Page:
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How do we determine the clinical significance of finding cells from a primary tumor at another site?

Background: Metastatic disease is the major cause of death from cancer. However, just as not all primary cancers are prone to metastasize, not all tumor cells found at secondary sites are life-threatening. Dissemination from a primary tumor site can occur relatively early in tumor development, and cells at secondary sites may have properties that range from dormancy to aggressive malignancy. Furthermore, relatively quiescent tumor cells may require additional genetic and/or epigenetic alterations, perhaps in conjunction with non-cell autonomous alterations, to achieve a fully malignant phenotype at the secondary site. Yet, because the spread of tumor cells is usually viewed as an unfavorable prognostic indicator, detection of such cells commonly represents a rationale for more intensive therapy, which may or may not be warranted.

Feasibility: New experimental methods allow sensitive techniques for detecting and characterizing small numbers of tumor cells at secondary sites, and improved animal models of cancer have created opportunities for expanding our knowledge of disseminated cells and refining our lexicon for classifying them. For instance, recent advances in DNA sequencing enable the generation of phylogenetic trees of tumor cell populations to determine their clonal relationships and evolutionary distance from each other, and from portions of the primary tumor that are at different stages of progression. With these new tools, it may now be possible to define the malignant potential of disseminated cells.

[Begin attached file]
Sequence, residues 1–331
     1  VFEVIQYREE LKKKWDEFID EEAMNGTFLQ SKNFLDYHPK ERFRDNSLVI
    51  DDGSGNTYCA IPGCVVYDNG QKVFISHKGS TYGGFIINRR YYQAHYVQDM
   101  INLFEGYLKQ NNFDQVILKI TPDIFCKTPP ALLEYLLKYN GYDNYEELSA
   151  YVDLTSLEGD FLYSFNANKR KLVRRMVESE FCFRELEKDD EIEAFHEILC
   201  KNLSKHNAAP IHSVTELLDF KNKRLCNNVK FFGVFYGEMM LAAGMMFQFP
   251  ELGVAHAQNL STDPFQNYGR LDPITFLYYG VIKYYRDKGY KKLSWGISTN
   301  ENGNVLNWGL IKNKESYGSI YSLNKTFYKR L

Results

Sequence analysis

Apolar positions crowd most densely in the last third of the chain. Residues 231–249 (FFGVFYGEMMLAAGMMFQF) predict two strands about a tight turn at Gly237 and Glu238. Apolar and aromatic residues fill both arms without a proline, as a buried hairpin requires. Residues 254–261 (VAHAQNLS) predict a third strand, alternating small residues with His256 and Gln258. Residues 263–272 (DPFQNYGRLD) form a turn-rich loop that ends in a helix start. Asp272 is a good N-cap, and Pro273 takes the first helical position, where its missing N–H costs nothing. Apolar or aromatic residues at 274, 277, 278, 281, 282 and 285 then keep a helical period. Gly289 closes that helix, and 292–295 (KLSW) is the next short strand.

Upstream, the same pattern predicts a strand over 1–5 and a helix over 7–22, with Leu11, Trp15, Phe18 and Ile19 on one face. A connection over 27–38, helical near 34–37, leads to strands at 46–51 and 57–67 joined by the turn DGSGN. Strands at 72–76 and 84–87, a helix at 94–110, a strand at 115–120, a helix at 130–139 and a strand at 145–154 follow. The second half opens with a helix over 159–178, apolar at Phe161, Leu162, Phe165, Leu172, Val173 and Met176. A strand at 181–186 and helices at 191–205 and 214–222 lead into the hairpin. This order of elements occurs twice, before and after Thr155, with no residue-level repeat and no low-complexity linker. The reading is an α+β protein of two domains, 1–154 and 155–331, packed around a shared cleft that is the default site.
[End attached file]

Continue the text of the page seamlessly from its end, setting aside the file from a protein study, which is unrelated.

Implications of success: Such analyses could enhance our understanding of the mechanisms that account for either a lack of oncogenicity or malignant behavior of tumor cells at a secondary site, as well as improve our ability to predict the biological behavior of tumor cells found at those sites. This information would give clinicians a clearer picture of when intervention is needed and when such tumor cells can be safely left alone or followed for potential later action.

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